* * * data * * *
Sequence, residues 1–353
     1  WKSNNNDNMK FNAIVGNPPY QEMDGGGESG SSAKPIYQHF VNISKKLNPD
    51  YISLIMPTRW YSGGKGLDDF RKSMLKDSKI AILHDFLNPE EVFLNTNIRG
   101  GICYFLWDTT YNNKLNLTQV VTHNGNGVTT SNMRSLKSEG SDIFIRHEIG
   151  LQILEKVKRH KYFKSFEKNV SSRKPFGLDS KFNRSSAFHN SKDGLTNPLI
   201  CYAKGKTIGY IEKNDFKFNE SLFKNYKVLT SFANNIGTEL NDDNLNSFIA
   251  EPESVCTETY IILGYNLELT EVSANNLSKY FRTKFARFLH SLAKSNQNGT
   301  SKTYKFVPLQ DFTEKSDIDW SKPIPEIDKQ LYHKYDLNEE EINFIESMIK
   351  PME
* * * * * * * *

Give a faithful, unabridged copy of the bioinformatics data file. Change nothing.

Sequence, residues 1–353
     1  WKSNNNDNMK FNAIVGNPPY QEMDGGGESG SSAKPIYQHF VNISKKLNPD
    51  YISLIMPTRW YSGGKGLDDF RKSMLKDSKI AILHDFLNPE EVFLNTNIRG
   101  GICYFLWDTT YNNKLNLTQV VTHNGNGVTT SNMRSLKSEG SDIFIRHEIG
   151  LQILEKVKRH KYFKSFEKNV SSRKPFGLDS KFNRSSAFHN SKDGLTNPLI
   201  CYAKGKTIGY IEKNDFKFNE SLFKNYKVLT SFANNIGTEL NDDNLNSFIA
   251  EPESVCTETY IILGYNLELT EVSANNLSKY FRTKFARFLH SLAKSNQNGT
   301  SKTYKFVPLQ DFTEKSDIDW SKPIPEIDKQ LYHKYDLNEE EINFIESMIK
   351  PME